When University of South Carolina football coach Steve Spurrier damned the Confederate flag in front of a liberal group a few months back, he received the accolades of the media elite even as he alienated countless longsuffering Gamecock fans. Spurrier, our highest paid state employee (with a reported annual salary of $1,300,000), refuses even to answer mail from those who questioned his outburst.
After much wrangling, the flag was lowered from the dome of the South Carolina capitol in 2000, and placed by the Confederate soldier monument on the State House grounds. Compromisers said that the banner should be displayed in a historical context, not in a position of “sovereignty.” Did doing so satisfy the bigots of the NAACP and their allies? You know the answer to that. Compromising with them is like trying to make peace with Hitler. The Sensitivity Police are never satisfied. Continued demands for boycott by the NAACP—and the cowardice of the NCAA in taking these hate-mongers seriously—should have made the coach angry. Instead, Spurrier lashed out at South Carolina’s Confederate heritage.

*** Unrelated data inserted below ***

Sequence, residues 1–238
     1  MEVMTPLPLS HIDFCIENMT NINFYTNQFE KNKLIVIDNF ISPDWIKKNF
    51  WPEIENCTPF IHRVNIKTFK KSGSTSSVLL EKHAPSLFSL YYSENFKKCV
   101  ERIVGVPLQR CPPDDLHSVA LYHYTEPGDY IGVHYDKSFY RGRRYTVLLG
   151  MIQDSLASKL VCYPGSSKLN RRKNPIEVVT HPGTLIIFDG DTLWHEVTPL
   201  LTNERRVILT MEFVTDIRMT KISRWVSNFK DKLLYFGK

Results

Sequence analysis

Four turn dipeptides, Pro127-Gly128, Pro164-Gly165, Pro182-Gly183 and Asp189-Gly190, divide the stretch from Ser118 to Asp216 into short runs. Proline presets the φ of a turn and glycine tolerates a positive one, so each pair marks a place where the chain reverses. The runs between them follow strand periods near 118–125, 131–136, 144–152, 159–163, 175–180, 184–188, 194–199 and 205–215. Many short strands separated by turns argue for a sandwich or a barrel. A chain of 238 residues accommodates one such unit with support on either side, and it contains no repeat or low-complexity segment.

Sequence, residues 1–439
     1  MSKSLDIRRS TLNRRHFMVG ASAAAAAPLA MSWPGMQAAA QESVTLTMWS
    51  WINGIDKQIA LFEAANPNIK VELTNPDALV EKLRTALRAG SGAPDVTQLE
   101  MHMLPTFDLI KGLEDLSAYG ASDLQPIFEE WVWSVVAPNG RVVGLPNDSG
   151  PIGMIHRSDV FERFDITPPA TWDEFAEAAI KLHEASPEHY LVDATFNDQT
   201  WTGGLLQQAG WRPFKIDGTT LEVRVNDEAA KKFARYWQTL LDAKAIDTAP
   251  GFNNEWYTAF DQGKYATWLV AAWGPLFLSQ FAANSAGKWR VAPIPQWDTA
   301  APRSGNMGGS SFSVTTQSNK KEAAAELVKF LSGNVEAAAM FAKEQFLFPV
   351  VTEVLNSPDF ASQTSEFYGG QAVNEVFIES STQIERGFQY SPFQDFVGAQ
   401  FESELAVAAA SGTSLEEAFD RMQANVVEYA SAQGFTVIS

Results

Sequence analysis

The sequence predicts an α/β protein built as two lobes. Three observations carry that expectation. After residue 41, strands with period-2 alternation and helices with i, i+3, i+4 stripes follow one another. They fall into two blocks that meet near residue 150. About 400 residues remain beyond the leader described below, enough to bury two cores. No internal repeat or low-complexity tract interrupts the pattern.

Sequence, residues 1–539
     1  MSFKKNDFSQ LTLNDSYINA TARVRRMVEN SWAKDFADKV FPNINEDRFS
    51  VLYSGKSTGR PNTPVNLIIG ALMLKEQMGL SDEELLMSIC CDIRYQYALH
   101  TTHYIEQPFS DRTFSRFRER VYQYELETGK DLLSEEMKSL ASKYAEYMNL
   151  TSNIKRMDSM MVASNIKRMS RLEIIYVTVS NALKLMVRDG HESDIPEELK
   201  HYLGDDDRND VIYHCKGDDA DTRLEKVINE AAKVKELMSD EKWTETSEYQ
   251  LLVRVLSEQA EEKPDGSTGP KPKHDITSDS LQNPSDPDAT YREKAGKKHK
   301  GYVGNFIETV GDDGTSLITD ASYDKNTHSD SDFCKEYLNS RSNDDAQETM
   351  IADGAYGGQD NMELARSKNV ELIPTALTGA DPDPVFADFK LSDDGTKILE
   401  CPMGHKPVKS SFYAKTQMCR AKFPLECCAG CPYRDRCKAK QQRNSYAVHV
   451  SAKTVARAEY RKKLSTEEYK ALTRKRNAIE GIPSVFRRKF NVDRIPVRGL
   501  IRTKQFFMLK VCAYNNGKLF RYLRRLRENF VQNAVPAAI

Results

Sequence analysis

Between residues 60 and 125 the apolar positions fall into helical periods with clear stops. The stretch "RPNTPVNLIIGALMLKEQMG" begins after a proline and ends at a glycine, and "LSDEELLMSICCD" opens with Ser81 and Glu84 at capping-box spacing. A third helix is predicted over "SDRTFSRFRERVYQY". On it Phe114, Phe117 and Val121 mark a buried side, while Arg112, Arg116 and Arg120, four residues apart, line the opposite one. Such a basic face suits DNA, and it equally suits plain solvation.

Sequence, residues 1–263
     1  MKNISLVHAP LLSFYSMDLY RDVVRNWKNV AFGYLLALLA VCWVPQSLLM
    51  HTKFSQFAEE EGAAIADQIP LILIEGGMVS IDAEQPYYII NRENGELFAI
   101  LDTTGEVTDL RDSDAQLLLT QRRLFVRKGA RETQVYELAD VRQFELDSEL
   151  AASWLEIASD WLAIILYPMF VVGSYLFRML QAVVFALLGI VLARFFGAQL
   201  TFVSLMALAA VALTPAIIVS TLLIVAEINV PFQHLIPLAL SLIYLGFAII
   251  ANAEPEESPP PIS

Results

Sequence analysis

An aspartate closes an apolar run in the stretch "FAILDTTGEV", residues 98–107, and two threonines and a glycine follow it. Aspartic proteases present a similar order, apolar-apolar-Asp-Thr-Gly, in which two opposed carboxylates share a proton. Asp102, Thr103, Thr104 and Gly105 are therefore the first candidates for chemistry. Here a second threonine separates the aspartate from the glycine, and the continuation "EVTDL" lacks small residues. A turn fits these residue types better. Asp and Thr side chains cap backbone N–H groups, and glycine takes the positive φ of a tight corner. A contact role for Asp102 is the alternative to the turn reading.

That heritage is intertwined with USC’s. When war came, the University (then South Carolina College) closed its doors as the entire student body went into Confederate service. Twenty former students rose to the rank of general officer in the Southern army, and buildings on the campus became a hospital. The War for Southern Independence is the defining event in our history as a people. Seventy-one thousand from the Palmetto State alone took up arms in defense of their liberty and their homes, and fourteen thousand died. In remembrance, is it too much to ask that a single flag fly on the State House grounds?
South Carolina League of the South